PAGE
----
_ Who swears


Swearing on TV: a threat to civilisation as we know it, or an attempt to depict unavoidable social realities? A Channel 4 Without Walls special kicks around some of the examples and arguments. Tom ‘PG’ Lappin goes on oath.

Not a lot of people know this but the poet Robert Browning once concluded a poem with the line ‘an old nun’s twat’, believing he was referring to her wirnple. Nice one Bob, and one of countless examples of popular art forms flirting with vulgar language, occasionally gratuitously, but often with intent to provoke or develop a debate.

TV and swearing have had a tempestuous relationship over the years, and Channel 4 (who else?) have chosen to explore some of the more common broadcasting language taboos in a Without Walls special. In true Channel 4 tradition it‘s a mixture of serious analysis and spurious irreverence. The first programme, [Exp/eaves Deleted, an exploration of the origins ofswearing, asks how some words can still shock, and how broadcasters deal with the dilemmas posed by strong language.

Contributors include producer Verity Lambert who believes the authorities have been tightening the curse-strings of late. She recalls being allowed to use the ‘c’ word in a 1979 TV play, but being asked to remove a ‘fuck’ from another script. Last year, Channel 4’s own The Cammnile lawn was censured by the Broadcasting Standards Council for using the word ‘fuck’, much to the disgust of the series director Sir Peter Hall. ‘l think the BSC enquiry and ruling on

The Cammnile Lawn is perfectly preposterous.’ he says. ‘I gather it was one person who was shocked. and because one person was shocked, the entire country may now be deprived of such things in future. This is minority rule. not majority rule.‘

You probably wouldn‘t expect to find Sir Peter lining up on the same side as Jerry Siltlt)\\’i[l, but the

‘There’s lots of things you can show on television, smoking, drinking, horror films, sex scenes, Ruby Wax, political opinions, but the one thing they come down on very heavily is swearing.’

acerbic Glasgow comedian is equally contemptuous of would-be censors in the second programme, the coyly—titled The Greatest l"@.’£*.".’ Show On TV. Using sketches and clips of classic TV swearing moments from Kenneth Tynan to John Major, Sadowitz outlines his argument that our response to swearing is as childish as the act itself.

‘There's lots of things you can show on television,‘ he says, ‘smoking. drinking. horror films, sex scenes, Ruby Wax, political opinions, but the one thing they come down on very heavily is swearing. But who is doing the complaining and from what are they trying

The curse oi Sadowiu to protect us‘?‘

According to Lady Olga Maitland we as a nation don't like bad language and shouldn‘t have to put up with it on the TV: ‘The vast majon'ty of people don‘t like this sort ofthing,‘ she insists. ‘What the television companies are doing is pandering to a tiny minority. Why shouldn’t they look after the wider majority of people who want good clean entertainment? And high literature provides all that.‘ Fellow moral guardian Lord Rees-Mogg has claimed that the word ‘fuck‘ will be commonplace on TV by 2030.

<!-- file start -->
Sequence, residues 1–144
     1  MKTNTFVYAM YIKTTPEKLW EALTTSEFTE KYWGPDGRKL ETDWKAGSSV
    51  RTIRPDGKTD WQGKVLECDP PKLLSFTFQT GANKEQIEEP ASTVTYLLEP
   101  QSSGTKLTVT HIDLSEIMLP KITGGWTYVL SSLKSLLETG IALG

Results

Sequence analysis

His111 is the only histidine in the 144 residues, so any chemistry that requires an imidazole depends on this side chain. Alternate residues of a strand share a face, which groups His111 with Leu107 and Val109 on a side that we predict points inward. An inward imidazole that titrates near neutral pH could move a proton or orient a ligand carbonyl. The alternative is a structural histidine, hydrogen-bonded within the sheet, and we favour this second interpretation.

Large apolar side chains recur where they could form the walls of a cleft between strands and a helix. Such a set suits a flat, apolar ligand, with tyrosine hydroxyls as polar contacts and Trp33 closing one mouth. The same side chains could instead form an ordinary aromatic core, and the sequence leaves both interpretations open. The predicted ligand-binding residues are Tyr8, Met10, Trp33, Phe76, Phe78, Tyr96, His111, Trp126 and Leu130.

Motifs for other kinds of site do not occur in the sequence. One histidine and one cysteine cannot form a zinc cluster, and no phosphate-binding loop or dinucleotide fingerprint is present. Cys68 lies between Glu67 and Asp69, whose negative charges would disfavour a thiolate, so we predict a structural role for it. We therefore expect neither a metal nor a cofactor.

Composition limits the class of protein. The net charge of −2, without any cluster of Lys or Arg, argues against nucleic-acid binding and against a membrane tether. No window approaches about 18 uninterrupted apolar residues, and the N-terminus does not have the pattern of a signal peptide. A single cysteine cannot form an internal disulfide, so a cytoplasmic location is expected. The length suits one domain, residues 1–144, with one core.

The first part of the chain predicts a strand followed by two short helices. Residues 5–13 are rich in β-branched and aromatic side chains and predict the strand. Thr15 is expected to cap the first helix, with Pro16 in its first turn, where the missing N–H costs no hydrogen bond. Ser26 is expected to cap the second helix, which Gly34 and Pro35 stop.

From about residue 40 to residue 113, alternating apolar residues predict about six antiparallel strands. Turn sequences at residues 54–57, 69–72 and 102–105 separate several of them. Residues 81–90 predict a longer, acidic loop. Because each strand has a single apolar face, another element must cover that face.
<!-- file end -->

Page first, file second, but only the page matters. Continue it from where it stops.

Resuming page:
‘lt's a long way off,‘ counters Sadowitz. who is frustrated by the narrowness of opinion represented by broadcasting watchdogs. ‘Why is it that people who don’t have a complaint never phone in to complain that they don’t have a complaint? [er, right Jerry] Why is it that TV companies only listen to people ifthey give themselves a fancy title like the National Viewers and Listeners Association.”

In the end, he argues, ‘Swearing is an emotional sound effect that conveys feelings not thoughts. lf swearing‘s childish, it‘s got to be infantile to over- react to it.’

No shit, as Tennyson once said.

Without Walls Special is on Channel 4 on Saturday 26 M(U‘(‘/I at llpm.

:— Artful codger

Alan Bennett was sitting enjoying a quiet drink in an Italian eats a couple oi years ago, when a middle-aged English lady approached him. ‘l’d like to thank you ior all your work in the opera,’ she told the bemused playwright, and he didn’t like to correct her. The problem was the caie proprietor then demanded he sign the visitors’ book, and Bennett iound himseli drawing a pencil-sketch oi himseli, adding the signature ‘David Hockney’ and escaping as last as possible.

Alan Bennett wonders which picture will fit

It was a suitably uneasy

i r l


under his raincoat

consummation oi Bennett’s a relationship with the world oi art, revealed to BBCZ viewers in Portrait 0r Bust, a one-oii programme looking at Leeds City Art gallery and its visitors. Bennett adopts his characteristically voyeuristic approach, eavesdropping on a party oi elderly ladies as they stare at the paintings, as well as oiiering personal reminiscences oi what he admits has been a ‘shallow’ appreciation oi art. ‘Art in general has always punled me,’ he admits, recalling how his regular visits as a schoolboy were inspired by a desire to take the weight oii his ieet rather than any aesthetic yearnings.

‘I iirst visited the gallery on a school trip early in the Second World War,’ he

recalls. ‘The place had scarcely any pictures and the only one that caught my eye was rude.’ lie remembers wistiully how he and the rest oi his class stared in vulgar iasclnatlon at a battlefield scene ieaturing a woman with hared breast, as their prim teacher tried to interest them in a Sea Scouts display.

Nowadays Bennett’s tastes are more sophisticated, although he again has to resort to baser instincts when judging the worth oi a picture. ‘I iind it hard to divorce appreciation irom possession,’ he says, ‘sol knowl like a picture only when I’m tempted to walk out with it under my raincoat.’ (Torn Lappin)

Portrait 0r Bust is on B802 on Monday 4 April at 8pm.

The List 25 March—7 Apn'l I994 61